Audition Like You Mean It

Auditions are tricksy things.  Sometimes I feel so nervous for them that I’d rather run out of the room screaming than go in there and perform (granted, this doesn’t happen very often, and usually occurs when I haven’t prepared appropriately.  So…that’s my bad).  And sometimes, I walk out of an audition feeling great about my career choice, my acting chops, and basically the world in general.

Last night I auditioned for a huge Shakespeare festival in Minnesota, and I had been a little nervous for it.  Weekend auditions are always a bit weird, because you don’t spend the day performing like we usually do here in BFA land.  You just kind of take a break in your day to get up there and do it.  I performed two Shakespeare pieces: one of the Queen’s from King Henry the Sixth Part II, which is my go-to dramatic Shakespeare. It’s all about love and loss, and I basically just think about saying goodbye to The Boyfriend (aka Navy Boy), as we must do on a regular basis, and I’m emotionally there.  The other was a new/old piece from As You Like It, one of Rosalind’s monologues as Ganymede.  It’s old because I played Celia in that show, so I’ve heard the monologue 2.6 billion times…but new because, obviously, I wasn’t performing it.  I had a ton of fun working on this monologue.  It plays to my strengths: a little bit quirky, a little bit funny, with a large splash of love-lorn innocence thrown in.  I love the Shakespeare women that are sweet on the surface, but have an inner core of steel–and Rosalind fits that description!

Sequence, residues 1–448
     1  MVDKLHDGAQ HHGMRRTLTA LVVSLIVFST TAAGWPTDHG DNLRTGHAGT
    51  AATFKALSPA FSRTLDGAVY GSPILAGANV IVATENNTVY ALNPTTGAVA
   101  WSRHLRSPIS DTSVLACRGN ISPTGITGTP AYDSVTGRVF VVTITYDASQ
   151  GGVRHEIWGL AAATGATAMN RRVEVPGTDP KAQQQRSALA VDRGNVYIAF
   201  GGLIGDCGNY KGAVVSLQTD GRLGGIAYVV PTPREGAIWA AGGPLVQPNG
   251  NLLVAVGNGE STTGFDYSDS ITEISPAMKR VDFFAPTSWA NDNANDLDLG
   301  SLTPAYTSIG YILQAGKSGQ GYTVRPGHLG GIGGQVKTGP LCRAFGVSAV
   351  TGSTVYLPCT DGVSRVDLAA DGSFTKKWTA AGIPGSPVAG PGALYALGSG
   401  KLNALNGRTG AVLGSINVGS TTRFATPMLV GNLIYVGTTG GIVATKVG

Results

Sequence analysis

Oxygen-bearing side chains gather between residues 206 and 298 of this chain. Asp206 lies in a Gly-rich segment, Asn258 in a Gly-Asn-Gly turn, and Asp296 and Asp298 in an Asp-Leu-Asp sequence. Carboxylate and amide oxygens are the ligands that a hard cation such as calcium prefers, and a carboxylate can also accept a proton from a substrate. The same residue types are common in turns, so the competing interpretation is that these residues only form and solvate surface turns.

There was only one man in the audition room, which is a nice change from the huge panel of auditioners you usually perform for.  I find it easier to connect and have a special moment with just one person; but that is far from the usual way of things, so I’ll need to get over it!  He was the sweetest, most cordial person imaginable!

I went up and performed both monologues (verdict: missed a line in the new one, but still thought it was fun and landed well.  And I performed the dramatic possibly the best I ever have). I was in the moment, which is one of the hardest things for me to find in an audition.  Your nervous, your thoughts are flying everywhere, and you have so much to think about that finding the person you’re talking to and really delivering the monologue to them can be incredibly difficult.  But i felt that here. I sang a snippet of If Only from The Little Mermaid the Musical (it’s a pretty song! No judgement!), and then Paul invited me to the table.  This was my favorite part.

He told me about the program, the history of the festival, what internship members would be expected to do, and so on.  And we discussed where I was from, what I loved about Shakespeare, and he complimented my performance.

It was amazing, and I went home with a very happy heart and a skinny decaf vanilla latte.  Basically, I think what I need to have a great audition is a room that I feel cares about me and the work, and I need to connect to my pieces, and not worry about the other lesser details. It’s always going to be difficult to get this mix, but last night was a lovely example of how I want to audition.

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